Movie Review: The Predator

The hunting alien series gets a darkly comedic reboot

The Predator (Predátor: Evoluce)
Directed by Shane Black
With Boyd Holbrook, Trevante Rhodes, Jacob Tremblay, Keegan-Michael Key, Olivia Munn, Thomas Jane, Alfie Allen, Sterling K. Brown

A late entry for summer action blockbusters, The Predator sees the return on dreadlocked aliens who can turn invisible to hunt humans on Earth.

The story picks up after the events of 1990’s Predators 2, but comes before 2010’s Predators. Shane Black, who had a role in the original 1987 film Predator (without “The”), returns as director and co-wrote the script for The Predator.

Black has written action films such as Lethal Weapon and its sequel and directed Kiss Kiss Bang Bang and Iron Man 3, among other films.

So its no surprise that The Predator is almost nonstop action punctuated by dark comedic repartee. The story has a US military sniper in a jungle in Mexico waiting for his target when a spaceship crashes. The sniper, Quinn McKenna (played by Boyd Holbrook), finds himself at odds with a secret branch of the government, which wants to eliminate all witnesses.

Circumstances force him to team up with a diverse group of military misfits including a wisecracking soldier named Coyle (Keegan-Michael Key) and Baxley (Thomas Jane), who has Tourette syndrome, and several others to fight both the US government and the aliens.

Along the way they pick up biologist Casey Bracket (Olivia Munn), who also winds up on the run from the government agents. She keeps the film from being an all-guy affair.

An obvious inspiration for The Predator is The Dirty Dozen, a 1967 war film about a military misfit on a dangerous mission.

There is a large subplot involving McKenna’s son, Rory (Jacob Tremblay), who has a form of autism. The depiction is handled rather sensitively considering this is a sci-fi action film.

Shane Black’s dialogue is fairly crisp, and each of the main characters has well-defined traits. Some of the dialogue when the group first gets together is a bit too convenient, as everyone lists their particular mental challenge and how they wound up being incarcerated for it.

Keegan-Michael Key, who is also part of a comedy team with Get Out director Jordan Peele, stands out among the misfits, delivering an endless array of crude one-liners. Thomas Jane gives a more emotional performance as a suffering veteran.

Olivia Munn adds a strong female presence: a scientist who can fight when she has to. She isn’t a natural at it, which makes sense because she has no military training, but she manages to hold her own despite one comedic bit where she shoots herself in the foot with a tranquilizer dart.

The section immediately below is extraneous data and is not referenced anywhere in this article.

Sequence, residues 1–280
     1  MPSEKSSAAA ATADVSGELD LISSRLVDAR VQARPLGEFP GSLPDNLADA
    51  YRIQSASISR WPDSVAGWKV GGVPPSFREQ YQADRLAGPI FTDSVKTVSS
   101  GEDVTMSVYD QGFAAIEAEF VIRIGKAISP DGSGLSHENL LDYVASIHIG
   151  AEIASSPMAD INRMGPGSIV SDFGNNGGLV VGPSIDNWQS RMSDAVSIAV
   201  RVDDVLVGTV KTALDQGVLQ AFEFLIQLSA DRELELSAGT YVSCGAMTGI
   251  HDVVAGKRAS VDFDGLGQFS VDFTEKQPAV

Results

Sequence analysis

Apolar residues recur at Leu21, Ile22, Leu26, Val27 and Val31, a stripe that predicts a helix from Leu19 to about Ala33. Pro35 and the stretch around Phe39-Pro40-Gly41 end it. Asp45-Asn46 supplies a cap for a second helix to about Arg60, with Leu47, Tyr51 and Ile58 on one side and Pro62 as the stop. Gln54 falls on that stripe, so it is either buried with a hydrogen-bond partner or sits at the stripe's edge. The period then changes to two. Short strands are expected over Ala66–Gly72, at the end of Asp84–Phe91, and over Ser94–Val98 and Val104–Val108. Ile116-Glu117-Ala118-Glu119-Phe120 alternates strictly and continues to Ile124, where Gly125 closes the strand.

The other main female character, who has just a handful of scenes, is McKenna’s wife, Emily (Yvonne Strahovski). She also proves resourceful, but her role as the estranged wife of a soldier with a broken marriage is a bit stereotypical, though.

There are some drawbacks. Boyd Holbrook is a bit bland in the main role. His character is fleshed out a bit with a few touching scenes with his autistic son, but overall he lacks any compelling charisma. The other members of his misfit group tend to overshadow him.

Shane Black sets some key action on Halloween, which is a rather obvious ploy that has been used way too often.

The film is the fourth entry in the franchise, not counting two crossover films with the Alien series. The action is adequate, but the film at times seems to just be going through the motions of the genre conventions of the witness on the run from the evil government agents who ride around in black helicopters.

The action is almost nonstop from start to end but offers nothing that audiences haven’t really seen before. That makes The Predator something of interest mostly for fans of the genre.

The film is yet another Hollywood reboot of a series, and a sequel is clearly set up for what is supposed to be a new trilogy with Shane Black at the helm.

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